Tue, Apr 24, 2007 - Page 7 News List

US to respect Iraq's wishes on building of Azamiyah barrier

STOP? US Ambassador Ryan Crockers stopped short, however, of calling a halt to the project, which hwe said was meant to protect, not segregate


The US ambassador to Iraq said yesterday that the US military will "respect the wishes" of the Iraqi government regarding a barrier being built around a Sunni enclave in Baghdad, but he stopped short of saying construction would stop.

US Ambassador Ryan Crocker spoke at a news conference a day after Iraqi Prime Minister Nouri al-Maliki said he had ordered the building of the barrier in Azamiyah to stop after the project drew strong criticism from residents and Sunni leaders.

"Obviously we will respect the wishes of the government and the prime minister," Crocker said at a news conference. "I'm not sure where we are right now concerning our discussions on how to move forward on this particular issue."

But he defended the principle behind the Azamiyah barrier, saying it was aimed at protecting the community, not segregating it.

As he spoke, hundreds of Iraqis took to the streets in the area in northern Baghdad to protest the wall's construction, which residents have complained would isolate them from the rest of the city.

Crocker said the intention of the barrier in Azamiyah as well as those constructed around markets in the capital is "to try and identify where the fault lines are and where avenues of attack lie and set up the barriers literally to prevent those attacks."

Al-Maliki said he has ordered a halt to the US military construction of the barrier on Sunday in Cairo, as he began a regional tour to shore up support from mostly Sunni Arab nations for his Shiite-dominated government.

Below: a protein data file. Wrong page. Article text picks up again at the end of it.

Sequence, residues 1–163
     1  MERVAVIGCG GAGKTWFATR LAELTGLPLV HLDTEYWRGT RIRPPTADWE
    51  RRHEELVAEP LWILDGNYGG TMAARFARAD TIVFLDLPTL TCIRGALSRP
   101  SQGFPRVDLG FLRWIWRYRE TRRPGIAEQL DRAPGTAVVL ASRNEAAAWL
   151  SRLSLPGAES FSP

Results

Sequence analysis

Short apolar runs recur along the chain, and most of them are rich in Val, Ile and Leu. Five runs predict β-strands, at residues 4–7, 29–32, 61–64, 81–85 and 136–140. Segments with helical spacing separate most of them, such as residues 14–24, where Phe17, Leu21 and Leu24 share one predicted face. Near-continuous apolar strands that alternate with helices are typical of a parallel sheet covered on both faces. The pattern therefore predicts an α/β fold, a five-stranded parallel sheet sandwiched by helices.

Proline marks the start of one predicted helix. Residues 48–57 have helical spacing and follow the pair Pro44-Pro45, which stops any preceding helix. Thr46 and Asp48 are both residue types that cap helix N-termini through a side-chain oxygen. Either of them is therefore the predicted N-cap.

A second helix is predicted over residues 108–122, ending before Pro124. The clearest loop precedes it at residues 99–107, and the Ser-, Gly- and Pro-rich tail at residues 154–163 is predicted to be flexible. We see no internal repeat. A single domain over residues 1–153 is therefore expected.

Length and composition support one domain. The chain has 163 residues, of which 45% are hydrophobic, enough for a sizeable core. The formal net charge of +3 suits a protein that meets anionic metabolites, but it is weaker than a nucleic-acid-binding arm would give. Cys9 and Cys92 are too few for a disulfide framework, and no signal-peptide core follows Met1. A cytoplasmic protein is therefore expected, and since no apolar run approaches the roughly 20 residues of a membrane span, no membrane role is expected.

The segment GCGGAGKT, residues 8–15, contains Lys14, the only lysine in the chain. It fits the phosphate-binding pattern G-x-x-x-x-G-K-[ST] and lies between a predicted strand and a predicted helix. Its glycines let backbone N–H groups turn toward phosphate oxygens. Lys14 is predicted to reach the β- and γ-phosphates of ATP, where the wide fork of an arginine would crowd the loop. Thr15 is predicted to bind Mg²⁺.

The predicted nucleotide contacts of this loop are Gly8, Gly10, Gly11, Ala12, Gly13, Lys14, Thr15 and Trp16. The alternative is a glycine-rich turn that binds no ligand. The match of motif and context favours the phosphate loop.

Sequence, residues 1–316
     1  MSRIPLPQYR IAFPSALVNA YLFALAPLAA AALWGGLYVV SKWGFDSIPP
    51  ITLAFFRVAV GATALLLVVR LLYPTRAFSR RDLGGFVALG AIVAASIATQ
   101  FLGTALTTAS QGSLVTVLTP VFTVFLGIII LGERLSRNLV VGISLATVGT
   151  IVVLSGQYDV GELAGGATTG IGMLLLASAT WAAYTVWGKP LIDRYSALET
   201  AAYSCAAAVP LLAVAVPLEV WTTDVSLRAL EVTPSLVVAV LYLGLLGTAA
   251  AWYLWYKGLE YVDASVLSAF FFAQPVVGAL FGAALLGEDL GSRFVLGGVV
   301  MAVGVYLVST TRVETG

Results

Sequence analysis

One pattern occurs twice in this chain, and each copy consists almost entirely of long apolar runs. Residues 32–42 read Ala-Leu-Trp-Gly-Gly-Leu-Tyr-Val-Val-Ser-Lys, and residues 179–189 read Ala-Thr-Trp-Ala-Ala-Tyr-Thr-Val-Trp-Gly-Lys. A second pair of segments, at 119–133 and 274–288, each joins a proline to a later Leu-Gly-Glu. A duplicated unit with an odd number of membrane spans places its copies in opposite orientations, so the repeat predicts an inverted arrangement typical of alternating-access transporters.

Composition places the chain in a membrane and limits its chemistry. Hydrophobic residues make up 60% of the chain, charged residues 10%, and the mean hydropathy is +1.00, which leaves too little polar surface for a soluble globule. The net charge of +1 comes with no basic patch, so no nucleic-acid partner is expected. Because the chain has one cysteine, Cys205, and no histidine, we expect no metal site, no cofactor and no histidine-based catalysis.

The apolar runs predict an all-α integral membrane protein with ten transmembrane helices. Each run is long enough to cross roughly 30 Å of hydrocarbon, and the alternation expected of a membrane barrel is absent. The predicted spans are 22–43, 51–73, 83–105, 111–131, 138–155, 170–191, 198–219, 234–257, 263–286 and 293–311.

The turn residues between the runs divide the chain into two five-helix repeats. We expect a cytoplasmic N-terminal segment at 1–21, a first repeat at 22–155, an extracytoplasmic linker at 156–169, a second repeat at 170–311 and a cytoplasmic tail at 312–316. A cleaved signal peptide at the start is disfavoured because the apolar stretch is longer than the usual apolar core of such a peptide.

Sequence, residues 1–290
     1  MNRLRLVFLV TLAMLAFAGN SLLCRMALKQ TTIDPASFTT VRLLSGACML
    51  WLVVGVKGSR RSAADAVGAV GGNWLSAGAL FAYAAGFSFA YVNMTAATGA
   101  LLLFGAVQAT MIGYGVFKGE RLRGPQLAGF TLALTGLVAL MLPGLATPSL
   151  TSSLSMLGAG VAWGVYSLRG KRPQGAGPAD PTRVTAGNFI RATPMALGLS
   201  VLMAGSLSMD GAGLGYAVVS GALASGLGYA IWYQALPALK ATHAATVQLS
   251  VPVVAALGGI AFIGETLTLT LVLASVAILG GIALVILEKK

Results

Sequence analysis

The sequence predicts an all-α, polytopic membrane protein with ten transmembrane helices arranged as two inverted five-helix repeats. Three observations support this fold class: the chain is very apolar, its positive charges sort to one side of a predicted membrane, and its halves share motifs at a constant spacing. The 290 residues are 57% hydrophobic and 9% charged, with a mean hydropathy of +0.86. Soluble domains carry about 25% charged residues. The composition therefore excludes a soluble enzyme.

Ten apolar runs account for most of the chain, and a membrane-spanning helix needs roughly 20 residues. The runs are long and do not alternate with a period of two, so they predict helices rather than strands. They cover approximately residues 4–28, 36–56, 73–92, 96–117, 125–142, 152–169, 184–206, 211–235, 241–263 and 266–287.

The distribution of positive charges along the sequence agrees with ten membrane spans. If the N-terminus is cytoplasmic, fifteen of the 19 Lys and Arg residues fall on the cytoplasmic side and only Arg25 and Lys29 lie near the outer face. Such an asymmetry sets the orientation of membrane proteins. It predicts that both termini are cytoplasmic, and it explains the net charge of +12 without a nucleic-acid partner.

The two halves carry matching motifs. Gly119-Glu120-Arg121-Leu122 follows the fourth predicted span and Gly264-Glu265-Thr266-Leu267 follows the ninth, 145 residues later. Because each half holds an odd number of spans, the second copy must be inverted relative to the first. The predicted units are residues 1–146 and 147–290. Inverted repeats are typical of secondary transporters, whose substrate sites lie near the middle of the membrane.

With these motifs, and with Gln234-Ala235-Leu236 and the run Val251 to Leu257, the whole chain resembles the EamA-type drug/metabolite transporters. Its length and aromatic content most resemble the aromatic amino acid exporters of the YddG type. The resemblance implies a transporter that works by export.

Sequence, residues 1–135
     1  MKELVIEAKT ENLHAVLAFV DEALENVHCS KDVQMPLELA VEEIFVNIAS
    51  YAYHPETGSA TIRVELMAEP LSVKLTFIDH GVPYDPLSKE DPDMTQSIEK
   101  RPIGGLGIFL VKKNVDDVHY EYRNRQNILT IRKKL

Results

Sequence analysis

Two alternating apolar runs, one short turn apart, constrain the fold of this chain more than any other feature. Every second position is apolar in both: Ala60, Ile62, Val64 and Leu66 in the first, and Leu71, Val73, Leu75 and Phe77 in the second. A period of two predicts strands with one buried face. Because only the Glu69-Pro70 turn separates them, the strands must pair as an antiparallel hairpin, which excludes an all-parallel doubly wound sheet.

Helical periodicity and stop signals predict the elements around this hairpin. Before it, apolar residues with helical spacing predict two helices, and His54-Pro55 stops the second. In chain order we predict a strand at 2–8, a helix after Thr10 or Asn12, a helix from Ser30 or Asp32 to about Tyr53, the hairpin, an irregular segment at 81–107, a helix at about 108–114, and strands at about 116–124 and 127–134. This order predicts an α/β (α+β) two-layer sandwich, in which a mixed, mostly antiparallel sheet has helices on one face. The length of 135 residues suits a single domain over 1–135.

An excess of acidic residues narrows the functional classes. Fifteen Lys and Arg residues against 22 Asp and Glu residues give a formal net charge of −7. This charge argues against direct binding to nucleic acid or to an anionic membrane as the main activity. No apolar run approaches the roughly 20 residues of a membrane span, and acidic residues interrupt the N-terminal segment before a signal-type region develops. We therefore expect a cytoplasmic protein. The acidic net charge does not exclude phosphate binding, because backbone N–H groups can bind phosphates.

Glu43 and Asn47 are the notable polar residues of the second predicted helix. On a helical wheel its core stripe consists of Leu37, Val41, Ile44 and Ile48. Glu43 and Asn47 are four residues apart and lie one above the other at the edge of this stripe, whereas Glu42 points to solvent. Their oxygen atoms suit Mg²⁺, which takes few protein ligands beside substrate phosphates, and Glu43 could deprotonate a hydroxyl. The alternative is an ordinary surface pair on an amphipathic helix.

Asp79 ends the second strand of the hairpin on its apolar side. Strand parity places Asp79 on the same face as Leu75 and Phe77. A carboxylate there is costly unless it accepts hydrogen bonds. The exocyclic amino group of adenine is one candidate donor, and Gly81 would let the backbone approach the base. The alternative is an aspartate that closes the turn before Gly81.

The US military announced last week that it was building a 5km long and 3.6m all concrete wall in Azamiyah, a Sunni stronghold whose residents have often been the victims of retaliatory mortar attacks by Shiite militants following bombings usually blamed on Sunni insurgents.

US and Iraqi officials defended plans for the barrier as an effort to protect the neighborhood, but residents and Sunni leaders complained it was a form of discrimination that would isolate the community.

Meanwhile, three suicide bombers in different parts of the nation killed at least 27 people and wounded nearly 60 yesterday, police and politicians said.

One of the attacks occurred near the northern city of Mosul at 10:10am when a suicide attacker detonated his car in front of an office of the Kurdistan Democratic Party (KDP) of Massoud Barzani, leader of the autonomous Kurdish region in Iraq, an official with the group said. At least 10 people were killed and 20 wounded in the attack in Tal Uskuf, 15km north of Mosul, said Abdul-Ghani Ali, a KDP official.

A suicide car bomber also struck a police station in Baqubahat about 11am, killing at least 10 people and wounding 23, police said.

In central Baghdad, a bomber wearing an explosives belt blew himself up in a restaurant in the neighborhood of Karradah Mariam, killing at least seven people and wounding 16, police said.

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